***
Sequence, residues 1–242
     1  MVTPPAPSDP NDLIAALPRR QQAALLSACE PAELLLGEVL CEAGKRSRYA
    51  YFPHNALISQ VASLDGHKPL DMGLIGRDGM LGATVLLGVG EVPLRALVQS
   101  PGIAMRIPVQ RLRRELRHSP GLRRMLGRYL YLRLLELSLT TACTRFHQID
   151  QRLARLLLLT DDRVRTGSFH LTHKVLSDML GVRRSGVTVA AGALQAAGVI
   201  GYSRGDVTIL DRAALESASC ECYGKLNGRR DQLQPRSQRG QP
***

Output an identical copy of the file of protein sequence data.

Sequence, residues 1–242
     1  MVTPPAPSDP NDLIAALPRR QQAALLSACE PAELLLGEVL CEAGKRSRYA
    51  YFPHNALISQ VASLDGHKPL DMGLIGRDGM LGATVLLGVG EVPLRALVQS
   101  PGIAMRIPVQ RLRRELRHSP GLRRMLGRYL YLRLLELSLT TACTRFHQID
   151  QRLARLLLLT DDRVRTGSFH LTHKVLSDML GVRRSGVTVA AGALQAAGVI
   201  GYSRGDVTIL DRAALESASC ECYGKLNGRR DQLQPRSQRG QP